It’s back to the drawing board for stakeholders hoping to preserve the Algoma Central Railway (ACR) passenger line that runs between Sault Ste. Marie and Hearst.
A request for proposals issued in August garnered three potential operators, but after their proposals were reviewed and credentials assessed, CN Rail, which owns the line, determined none was suitable for the task, said Tom Dodds, chief executive officer of the Sault Ste. Marie Economic Development Corp.
It was the second request for proposals (RFP) issued to find an operator.
Michigan-based Railmark Holdings, which was selected by CN after the first RFP was issued in September, 2014, was ultimately dismissed when it couldn’t provide proof of sufficient working capital and had difficulty meeting its obligations to CN.
CN then cancelled the passenger service last July, impacting the busy tourism season for lodge and cottage owners along the route. CN has, however, agreed to maintain the Agawa Canyon Tour Train, which runs daily excursions to view the canyon’s array of autumn colours every fall.
After an annual federal subsidy of $2.2 million was revoked in 2014, it looked like the ACR line would fold indefinitely. But lobbying by a group of stakeholders that included the City of Sault Ste. Marie, cottagers, lodge owners, First Nations, and transportation advocates was successful in getting a reprieve.
Last March, the federal government promised $5 million over three years — if the working group could secure an owner and operator that satisfied the criteria set out by CN and Transport Canada.
Following this most recent RFP, the first two proponents were rebuffed after they didn’t meet CN’s criteria, Dodds noted, while a third proponent expressed interest, but wanted to operate the train only.
“Our sense of those people are they’re really looking for somebody that’s in the region, in the community, that they can partner with,” Dodds said. “They’re interested in perhaps operating, but they’re not interested in owning that train.”
But CN has made it clear it’s not interested in the passenger service at all, Dodds noted.
Two similar types of operations exist in other regions of Canada, but both have Aboriginal ownership: Tshiuetin Rail Transportation operates out of Quebec, while Keewatin Railway Company is based out of Manitoba.
It’s a business model the working group hasn’t ruled out, and on March 7, the Coalition for Algoma Passenger Trains (CAPT) indicated it was working on a “very exciting proposal” under the initiative of Jason Gauthier, chief of the Missanabie Cree First Nation.
In a news release, group member Linda Savory Gordon said “very positive progress is being made to resume the passenger train service on the ACR line.”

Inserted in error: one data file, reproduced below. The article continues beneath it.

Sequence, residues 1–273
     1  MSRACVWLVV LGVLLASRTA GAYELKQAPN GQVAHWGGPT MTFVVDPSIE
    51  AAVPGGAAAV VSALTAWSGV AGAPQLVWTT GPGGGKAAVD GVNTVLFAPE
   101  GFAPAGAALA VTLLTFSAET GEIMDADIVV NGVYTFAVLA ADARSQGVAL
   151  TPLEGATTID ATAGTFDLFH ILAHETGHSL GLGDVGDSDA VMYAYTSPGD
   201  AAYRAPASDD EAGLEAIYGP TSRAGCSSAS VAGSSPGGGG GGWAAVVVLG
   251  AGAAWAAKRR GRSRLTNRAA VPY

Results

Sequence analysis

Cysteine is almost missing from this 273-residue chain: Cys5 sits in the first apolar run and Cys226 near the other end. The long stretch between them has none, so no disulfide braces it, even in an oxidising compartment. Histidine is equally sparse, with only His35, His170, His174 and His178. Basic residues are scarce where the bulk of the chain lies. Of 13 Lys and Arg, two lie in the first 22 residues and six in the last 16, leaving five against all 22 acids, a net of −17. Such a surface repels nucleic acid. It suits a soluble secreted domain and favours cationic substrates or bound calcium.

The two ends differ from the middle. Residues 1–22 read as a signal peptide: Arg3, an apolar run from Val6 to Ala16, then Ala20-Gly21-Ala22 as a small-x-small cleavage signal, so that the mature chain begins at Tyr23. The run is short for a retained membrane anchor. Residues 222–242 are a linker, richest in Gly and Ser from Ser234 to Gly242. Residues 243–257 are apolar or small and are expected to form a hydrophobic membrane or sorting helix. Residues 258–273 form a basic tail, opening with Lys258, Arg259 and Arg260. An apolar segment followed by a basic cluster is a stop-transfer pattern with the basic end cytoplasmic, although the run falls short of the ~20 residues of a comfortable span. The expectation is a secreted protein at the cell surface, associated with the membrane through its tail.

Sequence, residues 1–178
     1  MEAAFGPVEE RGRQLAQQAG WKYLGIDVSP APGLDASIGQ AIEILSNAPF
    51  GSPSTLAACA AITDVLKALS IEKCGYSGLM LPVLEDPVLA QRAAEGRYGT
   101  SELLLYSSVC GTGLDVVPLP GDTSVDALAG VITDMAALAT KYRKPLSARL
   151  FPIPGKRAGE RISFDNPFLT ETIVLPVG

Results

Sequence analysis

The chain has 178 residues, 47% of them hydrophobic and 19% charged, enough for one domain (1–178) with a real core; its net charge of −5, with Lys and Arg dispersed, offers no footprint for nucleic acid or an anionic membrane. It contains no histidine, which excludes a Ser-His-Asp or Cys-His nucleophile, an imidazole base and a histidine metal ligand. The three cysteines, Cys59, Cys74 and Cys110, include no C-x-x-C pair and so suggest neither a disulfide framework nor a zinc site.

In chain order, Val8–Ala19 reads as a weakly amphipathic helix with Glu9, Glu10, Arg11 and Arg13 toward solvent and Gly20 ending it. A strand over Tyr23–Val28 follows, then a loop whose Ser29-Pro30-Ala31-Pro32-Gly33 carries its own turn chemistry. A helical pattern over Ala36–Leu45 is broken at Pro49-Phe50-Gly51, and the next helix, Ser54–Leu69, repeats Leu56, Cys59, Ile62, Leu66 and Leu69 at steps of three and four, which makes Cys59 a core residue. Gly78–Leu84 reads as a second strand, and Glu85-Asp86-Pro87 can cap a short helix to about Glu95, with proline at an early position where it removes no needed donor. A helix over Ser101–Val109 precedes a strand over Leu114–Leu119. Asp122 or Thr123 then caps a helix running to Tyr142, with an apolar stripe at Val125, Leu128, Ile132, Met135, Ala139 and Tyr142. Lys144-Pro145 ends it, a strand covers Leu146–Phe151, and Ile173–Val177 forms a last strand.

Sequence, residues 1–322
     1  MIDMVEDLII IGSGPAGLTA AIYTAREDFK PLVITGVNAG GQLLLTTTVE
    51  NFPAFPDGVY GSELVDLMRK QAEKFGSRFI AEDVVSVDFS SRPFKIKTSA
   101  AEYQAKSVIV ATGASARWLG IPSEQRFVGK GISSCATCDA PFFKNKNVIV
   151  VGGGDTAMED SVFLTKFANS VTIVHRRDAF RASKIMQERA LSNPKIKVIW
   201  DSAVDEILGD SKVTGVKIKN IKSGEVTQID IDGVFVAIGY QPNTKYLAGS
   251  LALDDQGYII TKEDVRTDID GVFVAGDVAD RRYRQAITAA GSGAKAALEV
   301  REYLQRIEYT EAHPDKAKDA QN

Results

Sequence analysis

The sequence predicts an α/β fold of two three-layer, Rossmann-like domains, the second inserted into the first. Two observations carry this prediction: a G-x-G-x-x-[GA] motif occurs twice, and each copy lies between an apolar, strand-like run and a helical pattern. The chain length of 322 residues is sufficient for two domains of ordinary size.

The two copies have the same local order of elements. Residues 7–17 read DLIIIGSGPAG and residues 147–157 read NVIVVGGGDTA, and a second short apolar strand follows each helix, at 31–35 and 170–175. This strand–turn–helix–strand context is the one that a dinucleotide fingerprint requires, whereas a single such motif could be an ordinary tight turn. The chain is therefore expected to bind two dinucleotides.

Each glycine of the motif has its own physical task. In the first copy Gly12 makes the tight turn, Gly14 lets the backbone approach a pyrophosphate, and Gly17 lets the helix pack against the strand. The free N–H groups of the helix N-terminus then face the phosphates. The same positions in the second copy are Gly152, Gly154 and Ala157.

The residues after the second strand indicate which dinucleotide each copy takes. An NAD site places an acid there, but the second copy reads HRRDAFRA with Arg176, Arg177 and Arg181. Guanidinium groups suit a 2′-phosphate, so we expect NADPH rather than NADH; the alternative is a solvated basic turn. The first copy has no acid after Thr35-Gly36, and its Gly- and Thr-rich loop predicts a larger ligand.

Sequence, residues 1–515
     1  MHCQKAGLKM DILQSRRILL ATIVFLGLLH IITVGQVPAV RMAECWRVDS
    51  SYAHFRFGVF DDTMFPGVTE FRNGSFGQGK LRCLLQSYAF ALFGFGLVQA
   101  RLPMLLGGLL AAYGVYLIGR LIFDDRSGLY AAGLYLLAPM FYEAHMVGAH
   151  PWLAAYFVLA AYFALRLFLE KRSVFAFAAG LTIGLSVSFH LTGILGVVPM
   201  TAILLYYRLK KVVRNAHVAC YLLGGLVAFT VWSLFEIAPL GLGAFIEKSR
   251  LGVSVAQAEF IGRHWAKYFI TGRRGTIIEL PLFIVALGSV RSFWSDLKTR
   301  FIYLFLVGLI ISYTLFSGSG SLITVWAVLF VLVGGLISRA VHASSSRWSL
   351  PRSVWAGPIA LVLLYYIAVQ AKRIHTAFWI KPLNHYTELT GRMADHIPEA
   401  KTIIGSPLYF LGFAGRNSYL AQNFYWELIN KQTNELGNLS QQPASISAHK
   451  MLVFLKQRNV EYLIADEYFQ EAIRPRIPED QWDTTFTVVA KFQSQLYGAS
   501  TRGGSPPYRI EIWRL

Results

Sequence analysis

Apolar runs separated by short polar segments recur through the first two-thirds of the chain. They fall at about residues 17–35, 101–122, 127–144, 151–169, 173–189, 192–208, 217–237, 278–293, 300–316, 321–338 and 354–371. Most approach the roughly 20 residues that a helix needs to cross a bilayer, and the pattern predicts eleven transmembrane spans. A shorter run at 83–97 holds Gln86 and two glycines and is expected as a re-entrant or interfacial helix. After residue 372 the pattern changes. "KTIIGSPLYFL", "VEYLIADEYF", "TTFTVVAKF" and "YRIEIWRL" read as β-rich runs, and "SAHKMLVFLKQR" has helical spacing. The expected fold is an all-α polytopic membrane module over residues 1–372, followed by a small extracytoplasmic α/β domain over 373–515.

“We feel very optimistic about the reinstatement of the passenger train sometime this spring,” the release said.
“The disruption of passenger train service has been very difficult for property owners and businesses, and a failure to resume passenger train services would be devastating,” the release said. “The Algoma passenger train is important to the region's economy and employment both because of its past socio-economic impacts, but also because of underdeveloped and neglected potentials both for First Nations and the broader economy and employment.”
CAPT promised an announcement after all parties had been consulted.
Dodds said after two years of leading the initiative, the EDC would be happy to offer its experience and knowledge to another organization to take it on. The EDC retains good professional relationships with both CN and Transport Canada, and it’s open to transferring that “goodwill” to another organization that has the capacity to lead the initiative, he added.
But whoever the eventual proponent is will have their own challenges.
“It’s really important that whoever owns it has the financial and business capacity to take on that activity,” Dodds said. “It’s not an insignificant thing to do, and certainly there’s a lot of hurdles to go through.”
The $5-million subsidy promised by Transport Canada was available as long as the train started operating by April 1, 2015, but that didn’t happen.
Dodds said the working group would be content to receive $2.2 million in the first year, which the group proposes reducing by 20 per cent each succeeding year.
But, as time runs out on that funding program — it ends March 31, 2018 — so does the availability of the money.
“In between now and then they would do a program review to see if they want to continue it, and so that may mean more money for the program and more opportunities for this, or status quo — which is a reasonable thing to expect — or they may change the program criteria completely,” Dodds said.
At this point, Dodds said it’s unlikely the group will issue a third RFP, as most qualified proponents will have already expressed their interest.
But the group won’t be scrambling to make any major decisions.
“After going at this twice, we’ve dampened down our expectations, and we certainly know there’s one thing that is not valuable: to rush toward some deadline and make compromises along the way,” Dodds said. “It’s not helpful to anybody.”